Friday, January 29, 2010

January 28,1910-Black Hand Trial Begins in New York City

Before the term "Mafia" became synonymous with organized crime in America, the secret society known as The Black Hand was the organization to which crime reporters attributed any form of Italian organized crime. The Black Hand flourished in Sicily in the late 19th cent., and in the United States it was especially active in New York City at the beginning of the 20th century. It is estimated that at one time 90% of New York City's Italian population was blackmailed by letters threatening death and marked with a black hand. Famous incidents associated with the Black Hand include the murder (1890) in New Orleans of chief of police Daniel Hennessy and the shooting (1909), in Palermo, Italy, of Lt. Joseph Petrosino of the New York City police.

Perhaps New York’s most influential Mafioso at the beginning of the 20th century was Ignazio Saietta, redundantly known as Lupo the Wolf, who had emigrated after murdering a man in his hometown. Lupo and his partner, Giuseppe Morello ran a "murder factory" in a stable on E. 108th St near 1st Avenue. Victims here were reputedly hung on meat hooks or burned in furnaces. This stable was the scene of as many sixty murders.

The Morello gang coupled illegal activities such as extortion, blackmail, protection and murder for hire with legitimate businesses like restaurants, grocery stores , shoe repair businesses, barbershops and real estate investing. They later hooked up with Five Points gang leader Paul Kelly (born Paolo Antonio Vaccarelli) and started an endeavour whereby they strong armed people into selling their property at a cheap price.

All of these activities were facilitated by the protection of Tammany Hall who, in the first decade of the twentieth century, protected criminal activities through their control of the police department and the a large portion of the legislative branches of government. For a price Tammany leaders such as Big Tim Sullivan made sure that criminals such as Morello and Lupo were virtually immune from criminal laws.

Lupo and Morello continued to expand both their legitimate and illegitimate businesses until the fall of 1907 when a financial crisis hit Wall Street. The crisis was triggered by the failed attempt in October 1907 to corner the market on stock of the United Copper Company. When this bid failed, banks that had lent money to the cornering scheme suffered runs that later spread to affiliated banks and trusts, leading a week later to the downfall of the Knickerbocker Trust Company—New York City's third-largest trust. The collapse of the Knickerbocker spread fear throughout the city's trusts as regional banks withdrew reserves from New York City banks. Panic extended across the nation as vast numbers of people withdrew deposits from their regional banks.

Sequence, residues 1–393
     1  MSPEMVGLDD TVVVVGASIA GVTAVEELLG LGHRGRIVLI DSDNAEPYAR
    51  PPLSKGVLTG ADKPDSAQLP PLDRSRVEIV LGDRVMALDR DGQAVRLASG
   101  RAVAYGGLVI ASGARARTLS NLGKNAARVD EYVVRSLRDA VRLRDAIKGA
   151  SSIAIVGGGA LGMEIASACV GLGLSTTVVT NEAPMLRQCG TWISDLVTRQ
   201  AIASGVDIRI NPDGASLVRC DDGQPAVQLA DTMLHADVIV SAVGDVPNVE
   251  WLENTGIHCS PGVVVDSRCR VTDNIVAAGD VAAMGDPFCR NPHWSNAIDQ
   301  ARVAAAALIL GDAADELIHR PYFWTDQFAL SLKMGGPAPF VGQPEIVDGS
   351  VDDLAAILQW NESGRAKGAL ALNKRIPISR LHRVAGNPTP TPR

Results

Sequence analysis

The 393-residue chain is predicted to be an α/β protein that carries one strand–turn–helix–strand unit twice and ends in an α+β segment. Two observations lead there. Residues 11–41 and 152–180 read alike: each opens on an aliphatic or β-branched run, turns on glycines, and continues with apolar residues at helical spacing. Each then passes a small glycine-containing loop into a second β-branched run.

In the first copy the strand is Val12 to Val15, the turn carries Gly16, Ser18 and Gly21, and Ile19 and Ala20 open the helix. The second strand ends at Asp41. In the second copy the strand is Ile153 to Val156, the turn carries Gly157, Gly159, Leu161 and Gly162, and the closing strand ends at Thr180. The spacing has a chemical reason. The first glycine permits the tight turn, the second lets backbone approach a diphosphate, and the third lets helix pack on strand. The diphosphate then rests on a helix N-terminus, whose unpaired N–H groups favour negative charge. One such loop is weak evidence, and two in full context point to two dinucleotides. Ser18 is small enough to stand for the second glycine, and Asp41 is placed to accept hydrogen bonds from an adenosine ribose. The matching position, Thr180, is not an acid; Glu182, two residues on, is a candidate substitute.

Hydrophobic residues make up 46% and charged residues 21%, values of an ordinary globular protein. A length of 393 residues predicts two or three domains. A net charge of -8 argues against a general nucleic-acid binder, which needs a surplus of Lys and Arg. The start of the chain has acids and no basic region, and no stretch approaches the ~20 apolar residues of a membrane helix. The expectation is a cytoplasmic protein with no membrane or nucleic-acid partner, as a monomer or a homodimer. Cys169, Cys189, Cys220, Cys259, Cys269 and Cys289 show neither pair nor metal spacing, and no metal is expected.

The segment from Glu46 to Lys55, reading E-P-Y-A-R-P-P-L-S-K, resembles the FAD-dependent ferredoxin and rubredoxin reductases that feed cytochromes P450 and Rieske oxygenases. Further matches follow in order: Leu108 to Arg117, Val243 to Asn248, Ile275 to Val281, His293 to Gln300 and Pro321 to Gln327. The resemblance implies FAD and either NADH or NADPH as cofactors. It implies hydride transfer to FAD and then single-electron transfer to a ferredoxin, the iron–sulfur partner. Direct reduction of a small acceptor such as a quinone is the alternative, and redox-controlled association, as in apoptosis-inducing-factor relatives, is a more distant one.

Lupo and Morello incurred heavy losses due to the panic. Their conclusion was to get more heavily into a business that before now they had merely dabbled in-counterfeiting. Until 1907 they had smuggled counterfeit bills into the States from Salerno but now they decide to set up their own printing plant in the Catskills.

This proved to be a major mis-calculation on their part because while the Tammany machine could protect them from crimes in New York, counterfeiting was a federal crime.

In 1865 Abraham Lincoln had allowed for the Creation of the United States Secret Service for the express purpose of investigating counterfeiting. At the time, Counterfeit money made up one-third of the nations' currency. The Secret Service was dead serious about going after counterfeiters and they were damn good at it. So when Lupo and Morello decided to get into it in a big way they were playing with fire.

They kidnapped an Italian pressman named Comito to the Catskill pant to produce the bills, but when he could not produce the proper colour he was allowed to return to New York to procure the proper inks. There, the Feds arrested him and he broke down completely ratting out the Morello gang. The two principals and six other gang member were rounded up.

On January 28, 1910 the trial of Joe Morello, Ignazio Saietta and six co-conspirators began in a federal courtroom in New York City. When the printer, Comito, was called to testify he was given the Mafia sign of death by one of the defendants. He testified that he had personally printed about $46,000 in phony bills.

The judge received Black Hand death threats in the mail but he ignored them and all of the defendants were found guilty. Morello and Lupo were sentenced to thirty years and the two began writhing and wailing on the floor of the courtroom. Morello, it is said, let out a scream that was described as the most chilling sound that had been heard in the courtroom since a visitor had gotten mangled in an elevator.

Lupo was paroled in 1920. Morello was released in 1928 and two years later he was assassinated.

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